July 12, 2006

As president of Street Scene Equipment, Mike Spagnola has to decide on what the hot models of cars are so that he and his company can take them a step further in the styling department by creating body components that are, as Emeril Lagasse would say, kicked up a few notches compared to the factory lines.

As Mike pointed out, the '05-up Mustangs were sure to be a hit, as their styling was the perfect combo of retro and modern, bringing generations of enthusiasts together with a single design.

Improving upon such a great design would be a tricky proposition. Take it too far and you can ruin the lines and overall effect of the styling. The crew at Street Scene was well aware of this, and while they certainly wanted to make their mark on the Mustang, keeping its identifiable look was paramount. They've certainly scored well on both accounts, and what's probably more remarkable is that this Ford went from showroom-stock to show stopper in a mere 90 days. That includes creation of the tooling for the molds and popping out production-ready components.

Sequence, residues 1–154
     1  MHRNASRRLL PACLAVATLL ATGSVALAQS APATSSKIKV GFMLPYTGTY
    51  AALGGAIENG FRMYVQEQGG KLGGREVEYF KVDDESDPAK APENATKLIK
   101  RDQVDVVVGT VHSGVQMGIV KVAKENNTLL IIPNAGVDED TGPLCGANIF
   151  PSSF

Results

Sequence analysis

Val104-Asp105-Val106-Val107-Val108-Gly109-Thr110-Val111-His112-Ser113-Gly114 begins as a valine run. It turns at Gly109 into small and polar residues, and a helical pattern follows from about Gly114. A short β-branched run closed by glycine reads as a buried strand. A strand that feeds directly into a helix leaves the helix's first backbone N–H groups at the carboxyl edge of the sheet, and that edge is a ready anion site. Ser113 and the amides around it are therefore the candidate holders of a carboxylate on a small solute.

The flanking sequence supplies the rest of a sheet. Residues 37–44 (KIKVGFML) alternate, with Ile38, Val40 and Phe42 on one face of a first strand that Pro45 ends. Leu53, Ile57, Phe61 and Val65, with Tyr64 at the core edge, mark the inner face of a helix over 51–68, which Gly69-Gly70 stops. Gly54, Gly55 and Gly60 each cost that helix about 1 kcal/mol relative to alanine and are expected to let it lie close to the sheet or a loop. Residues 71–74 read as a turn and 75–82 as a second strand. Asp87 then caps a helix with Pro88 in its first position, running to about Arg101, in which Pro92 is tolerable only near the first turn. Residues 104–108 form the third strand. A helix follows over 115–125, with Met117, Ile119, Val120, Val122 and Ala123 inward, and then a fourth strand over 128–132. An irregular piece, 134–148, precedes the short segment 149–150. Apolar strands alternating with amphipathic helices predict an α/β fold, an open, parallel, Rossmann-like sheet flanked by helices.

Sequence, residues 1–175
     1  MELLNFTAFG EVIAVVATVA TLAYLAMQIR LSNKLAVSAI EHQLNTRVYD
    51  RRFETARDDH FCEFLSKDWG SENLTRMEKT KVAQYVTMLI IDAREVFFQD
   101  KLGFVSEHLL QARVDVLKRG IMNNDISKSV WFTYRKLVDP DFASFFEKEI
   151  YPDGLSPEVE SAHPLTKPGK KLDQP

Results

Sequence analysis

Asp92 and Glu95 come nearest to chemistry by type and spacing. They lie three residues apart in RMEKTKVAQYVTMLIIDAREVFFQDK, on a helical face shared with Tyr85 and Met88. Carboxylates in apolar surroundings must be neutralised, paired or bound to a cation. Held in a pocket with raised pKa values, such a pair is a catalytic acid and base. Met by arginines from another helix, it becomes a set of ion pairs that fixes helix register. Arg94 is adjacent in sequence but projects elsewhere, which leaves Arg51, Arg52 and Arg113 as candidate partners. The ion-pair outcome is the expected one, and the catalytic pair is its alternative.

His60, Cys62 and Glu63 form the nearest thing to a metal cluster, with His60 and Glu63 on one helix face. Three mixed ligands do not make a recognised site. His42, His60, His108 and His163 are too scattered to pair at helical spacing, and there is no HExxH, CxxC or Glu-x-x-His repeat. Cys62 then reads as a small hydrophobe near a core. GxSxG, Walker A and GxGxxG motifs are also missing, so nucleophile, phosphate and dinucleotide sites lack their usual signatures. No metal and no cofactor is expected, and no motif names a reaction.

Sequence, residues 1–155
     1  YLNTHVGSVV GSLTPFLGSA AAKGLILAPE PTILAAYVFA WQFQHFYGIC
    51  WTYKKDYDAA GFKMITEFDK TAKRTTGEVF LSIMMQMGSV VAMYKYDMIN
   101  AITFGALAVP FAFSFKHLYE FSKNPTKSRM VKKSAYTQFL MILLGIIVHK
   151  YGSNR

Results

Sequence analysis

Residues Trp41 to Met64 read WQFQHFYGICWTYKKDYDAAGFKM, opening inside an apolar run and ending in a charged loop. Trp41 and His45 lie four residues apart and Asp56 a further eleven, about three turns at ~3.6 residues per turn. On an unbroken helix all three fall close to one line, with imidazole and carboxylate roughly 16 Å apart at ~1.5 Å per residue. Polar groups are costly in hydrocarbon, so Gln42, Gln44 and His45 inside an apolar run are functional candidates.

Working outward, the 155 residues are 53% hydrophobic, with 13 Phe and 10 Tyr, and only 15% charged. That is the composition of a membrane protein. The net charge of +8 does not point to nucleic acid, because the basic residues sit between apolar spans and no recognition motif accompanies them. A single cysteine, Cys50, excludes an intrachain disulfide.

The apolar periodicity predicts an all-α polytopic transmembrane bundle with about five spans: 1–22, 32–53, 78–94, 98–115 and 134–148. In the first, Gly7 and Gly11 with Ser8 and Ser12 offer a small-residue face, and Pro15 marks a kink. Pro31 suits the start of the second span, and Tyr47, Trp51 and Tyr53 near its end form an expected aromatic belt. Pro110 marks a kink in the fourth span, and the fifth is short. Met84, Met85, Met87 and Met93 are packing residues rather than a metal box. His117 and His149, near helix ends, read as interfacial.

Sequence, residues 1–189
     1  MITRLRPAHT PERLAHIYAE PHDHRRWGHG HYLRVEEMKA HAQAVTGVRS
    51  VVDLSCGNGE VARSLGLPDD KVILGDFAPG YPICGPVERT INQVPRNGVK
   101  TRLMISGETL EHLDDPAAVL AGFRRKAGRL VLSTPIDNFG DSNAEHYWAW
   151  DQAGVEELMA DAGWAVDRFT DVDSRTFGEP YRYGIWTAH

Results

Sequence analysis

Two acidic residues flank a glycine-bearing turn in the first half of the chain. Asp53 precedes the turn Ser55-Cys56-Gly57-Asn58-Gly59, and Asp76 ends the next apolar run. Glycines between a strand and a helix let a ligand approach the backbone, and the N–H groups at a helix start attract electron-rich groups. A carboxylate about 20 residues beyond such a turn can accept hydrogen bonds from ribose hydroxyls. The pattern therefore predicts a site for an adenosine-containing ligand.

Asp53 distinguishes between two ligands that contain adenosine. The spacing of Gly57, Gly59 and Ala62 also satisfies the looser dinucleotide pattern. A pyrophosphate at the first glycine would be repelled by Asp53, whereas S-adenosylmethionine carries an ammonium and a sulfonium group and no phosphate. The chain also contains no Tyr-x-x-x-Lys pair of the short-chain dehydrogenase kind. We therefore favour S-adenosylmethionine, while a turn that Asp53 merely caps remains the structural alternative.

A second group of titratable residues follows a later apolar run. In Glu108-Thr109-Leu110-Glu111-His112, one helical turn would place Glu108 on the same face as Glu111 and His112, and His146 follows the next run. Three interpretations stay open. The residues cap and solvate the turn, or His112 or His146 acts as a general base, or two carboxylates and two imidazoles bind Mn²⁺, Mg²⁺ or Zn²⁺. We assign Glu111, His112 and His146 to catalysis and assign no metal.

Starting with an '06 Mustang GT, the design team sketched out a plan, and the various body parts were molded in urethane and then bolted on. These included Street Scene's Generation 2 front fascia, side skirts, rear deck wing, and rear fascia, which incorporates a new center-outlet exhaust system.

Custom billet GT logos were milled and installed, as was a powdercoated center-mount grille kit that uses the factory GT driving lights, side ducts, and Street Scene's Cal Vu Mirrors with Mutha Signal technology. While the Street Scene body components were molded in urethane, the stock aluminum hood was left alone save for some custom louvers.

"Most Mustang enthusiasts choose red, yellow, orange, or black for their custom paint jobs," Mike says. "My aunt had a green '67 Mustang that I always loved. This is a modern rendition of her '67." Theresa Contreras of L&G in San Dimas, California, shot the sparkly green shade and, at Mike's request, added the wide Le Mans-style stripes. "Everyone else tends to go with the narrower, black-painted stripes, and

I just couldn't see it with the new, wider body style," he says. So the expansive stripes were shot in a hue that more closely matches the custom tan interior that Westminster Interiors stitched up.